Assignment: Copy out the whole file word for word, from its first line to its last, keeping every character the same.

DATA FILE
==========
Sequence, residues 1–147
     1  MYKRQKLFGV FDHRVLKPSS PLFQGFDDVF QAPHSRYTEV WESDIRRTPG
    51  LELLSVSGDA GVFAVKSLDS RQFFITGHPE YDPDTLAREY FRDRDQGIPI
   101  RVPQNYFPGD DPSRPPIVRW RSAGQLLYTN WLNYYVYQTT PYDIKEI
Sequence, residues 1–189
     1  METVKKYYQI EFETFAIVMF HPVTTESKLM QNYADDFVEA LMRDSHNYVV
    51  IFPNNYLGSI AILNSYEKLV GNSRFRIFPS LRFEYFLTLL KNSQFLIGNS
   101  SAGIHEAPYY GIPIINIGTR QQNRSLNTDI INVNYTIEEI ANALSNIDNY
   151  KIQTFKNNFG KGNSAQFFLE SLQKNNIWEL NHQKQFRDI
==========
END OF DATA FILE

Sequence, residues 1–147
     1  MYKRQKLFGV FDHRVLKPSS PLFQGFDDVF QAPHSRYTEV WESDIRRTPG
    51  LELLSVSGDA GVFAVKSLDS RQFFITGHPE YDPDTLAREY FRDRDQGIPI
   101  RVPQNYFPGD DPSRPPIVRW RSAGQLLYTN WLNYYVYQTT PYDIKEI
Sequence, residues 1–189
     1  METVKKYYQI EFETFAIVMF HPVTTESKLM QNYADDFVEA LMRDSHNYVV
    51  IFPNNYLGSI AILNSYEKLV GNSRFRIFPS LRFEYFLTLL KNSQFLIGNS
   101  SAGIHEAPYY GIPIINIGTR QQNRSLNTDI INVNYTIEEI ANALSNIDNY
   151  KIQTFKNNFG KGNSAQFFLE SLQKNNIWEL NHQKQFRDI